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C++ vs. Python vs. Perl vs. PHP performance benchmark (2016)

35 Comments

There are newer benchmarks: C++ vs. Python vs. PHP vs. Java vs. Others performance benchmark (2016 Q3)

The benchmarks here do not try to be complete, as they are showing the performance of the languages in one aspect, and mainly: loops, dynamic arrays with numbers, basic math operations.

This is a redo of the tests done in previous years. You are strongly encouraged to read the additional information about the tests in the article.

Here are the benchmark results:

Language CPU time Slower than Language
version
Source
code
User System Total C++ previous
C++ (optimized with -O2) 0.952 0.172 1.124 g++ 5.3.1 link
Java 8 (non-std lib) 1.332 0.096 1.428 27% 27% 1.8.0_72 link
Python 2.7 + PyPy 1.560 0.160 1.720 53% 20% PyPy 4.0.1 link
Javascript (nodejs) 1.524 0.516 2.040 81% 19% 4.2.6 link
C++ (not optimized) 2.988 0.168 3.156 181% 55% g++ 5.3.1 link
PHP 7.0 6.524 0.184 6.708 497% 113% 7.0.2 link
Java 8 14.616 0.908 15.524 1281% 131% 1.8.0_72 link
Python 3.5 18.656 0.348 19.004 1591% 22% 3.5.1 link
Python 2.7 20.776 0.336 21.112 1778% 11% 2.7.11 link
Perl 25.044 0.236 25.280 2149% 20% 5.22.1 link
PHP 5.6 66.444 2.340 68.784 6020% 172% 5.6.17 link

The clear winner among the script languages is… PHP 7. 🙂

Yes, that’s not a mistake. Apparently the PHP team did a great job! The rumor that PHP 7 is really fast confirmed for this particular benchmark test. You can also review the PHP 7 infographic by the Zend Performance Team.

Brief analysis of the results:

  • NodeJS got almost 2x faster.
  • Java 8 seems almost 2x slower.
  • Python has no significant change in the performance. Every new release is a little bit faster but overall Python is steadily 15x slower than C++.
  • Perl has the same trend as Python and is steadily 22x slower than C++.
  • PHP 5.x is the slowest with results between 47x to 60x behind C++.
  • PHP 7 made the big surprise. It is about 10x faster than PHP 5.x, and about 3x faster than Python which is the next fastest script language.

The tests were run on a Debian Linux 64-bit machine.

You can download the source codes, an Excel results sheet, and the benchmark batch script at:
https://github.com/famzah/langs-performance

 

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Author: Ivan Zahariev

An experienced Linux & IT enthusiast, Engineer by heart, Systems architect & developer.

35 thoughts on “C++ vs. Python vs. Perl vs. PHP performance benchmark (2016)

  1. I wonder how PyPy stacks against CPython in those tests. Would you be interested in giving it a shot?

    • It’s lightning fast:

      user 0m1.560s
      sys 0m0.160s

      Total CPU time of 1.660 seconds which makes it faster than NodeJS and very close to C++. Also 12x faster than the standard Python.

      Python 2.7.10 (4.0.1+dfsg-1, Nov 20 2015, 19:46:58)
      [PyPy 4.0.1 with GCC 5.2.1 20151028]

  2. Great! JIT for the win! Maybe add the results to the table so that we can brag about it ? 😛

  3. One should bare in mind the way this benchmark works slants in statically typed languages favour. These benchmarks should be run as system services that respond to standard in and reply to standard out. Node must perform type inference before optimisation and execution. In reality systems built with these languages are long running services responding to requests. I would like to see the performance in a “real world” scenario. The most basic would be responding to standard input. This would provide a clearer picture of actual performance instead of compiler performance.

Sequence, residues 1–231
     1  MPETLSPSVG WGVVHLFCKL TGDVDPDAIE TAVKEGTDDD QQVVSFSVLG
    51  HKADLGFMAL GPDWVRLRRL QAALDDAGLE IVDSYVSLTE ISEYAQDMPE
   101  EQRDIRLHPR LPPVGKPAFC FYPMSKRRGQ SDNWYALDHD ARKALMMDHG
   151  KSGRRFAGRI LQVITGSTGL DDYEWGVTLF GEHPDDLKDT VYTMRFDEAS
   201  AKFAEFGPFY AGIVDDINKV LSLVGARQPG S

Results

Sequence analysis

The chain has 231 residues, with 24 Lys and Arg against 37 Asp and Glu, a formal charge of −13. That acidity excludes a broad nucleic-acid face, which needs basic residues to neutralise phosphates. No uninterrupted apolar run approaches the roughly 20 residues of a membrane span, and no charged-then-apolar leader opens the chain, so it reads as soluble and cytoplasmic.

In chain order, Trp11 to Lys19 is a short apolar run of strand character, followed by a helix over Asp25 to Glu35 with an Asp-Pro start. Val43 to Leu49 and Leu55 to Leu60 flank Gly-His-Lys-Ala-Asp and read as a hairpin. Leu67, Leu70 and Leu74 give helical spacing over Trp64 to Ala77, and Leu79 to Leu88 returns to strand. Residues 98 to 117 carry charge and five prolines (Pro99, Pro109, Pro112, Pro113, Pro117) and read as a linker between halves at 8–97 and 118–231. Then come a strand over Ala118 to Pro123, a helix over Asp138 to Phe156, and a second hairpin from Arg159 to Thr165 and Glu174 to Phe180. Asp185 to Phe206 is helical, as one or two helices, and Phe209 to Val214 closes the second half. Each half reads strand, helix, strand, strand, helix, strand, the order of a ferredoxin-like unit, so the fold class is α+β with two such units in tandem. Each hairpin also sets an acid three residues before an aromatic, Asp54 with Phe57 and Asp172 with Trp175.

• The scripts are executing in a “long running” mode. The benchmark times include the interpretation/parsing phase for each language, but it’s so small that its significance is negligible. The math function is called 10 times inside each long running process, in order to have more reliable results.

      • I would like to see the bench done using this in node.js

        var start = process.hrtime();//put this at the top of the js file
        var total = process.hrtime(start);//put this after the loop

        ‘total’ variable will contain a tuple array with position 0 being seconds and position 1 being nano seconds sum these values and you have the actual run time of the benchmark. Also node is now on version 6.2 not 4.2.
        Dump sum of tuple to file or whatever

        In fairness C++ bench should not include compile time

      • In fact
        var start = process.hrtime();
        should probably be placed just before the bench loop not before the function definition as this would bring it as close as possible to ‘real life’ usage. Also the bench function should be called once or twice before running the loop to warm up the VM.

        Similar steps should be taken for each language, taking in to account typical ‘real world’ configurations and each languages distinct strengths.

  4. Feel free to redo the tests using the current and your proposed setup, and let us know the outcome. This seems interesting.

  5. Interesting comparison. I have modified the php code to make it a bit faster in https://github.com/paul4156/langs-performance/blob/master/primes.php.

    Also, a slower, but easier-to-understand (no more array key mapping) hash map solution is provided for comparison. c++ using unordered_map is slower than php (20 sec vs 14 sec).

    Next to do is to compare the memory usage of each language.

  6. I got a contribution for the Go language: https://github.com/famzah/langs-performance/pull/1

    Go performs as fast as Nodejs:

    == JavaScript (nodejs) ==

    real 0m4.365s
    user 0m4.180s
    sys 0m0.236s

    real 0m4.301s
    user 0m4.132s
    sys 0m0.260s

    v0.10.25

    == Go (not optimized, default compiler) ==

    real 0m3.819s
    user 0m4.192s
    sys 0m0.128s

    real 0m3.222s
    user 0m4.332s
    sys 0m0.100s

  7. For real Java testing, you should test time of execution of calculation method, not whole JVM start/stop + time of calculation. See: http://stackoverflow.com/a/3382969 . Probably related to other languages as well (unless you want to test runtime start time which probably doesn’t depend at all on a tested algorithm).

    • Hi Piotr,

      That’s correct and already explained in the original article — “The times include the interpretation/parsing phase for each language, but it’s so small that its significance is negligible.” Furthermore, we run the calculation 10 times once the JVM has been started, and I believe that the time it takes is significantly bigger than the initial JVM start.

      Unless Java 8 JVM start/stop time is incredibly huge, the test results should be valid.

      I don’t have Java 8 to test right now, but here are the result for Java version “1.7.0_111”:
      – JVM start/stop time (a program which only prints “Hello world”): 0.120 seconds total user + system
      – The calculation benchmark (includes the JVM start/stop time): 10.824 seconds total user + system

      So the absolute pure calculation benchmark time is 10.824 – 0.120 = 10.704 seconds CPU time. Therefore, the error is 1.1%. I consider this fair.

      • In my test (Java 7):

        user+system: 12,504 [s]
        calculation time: 3,476 [s]

        Code: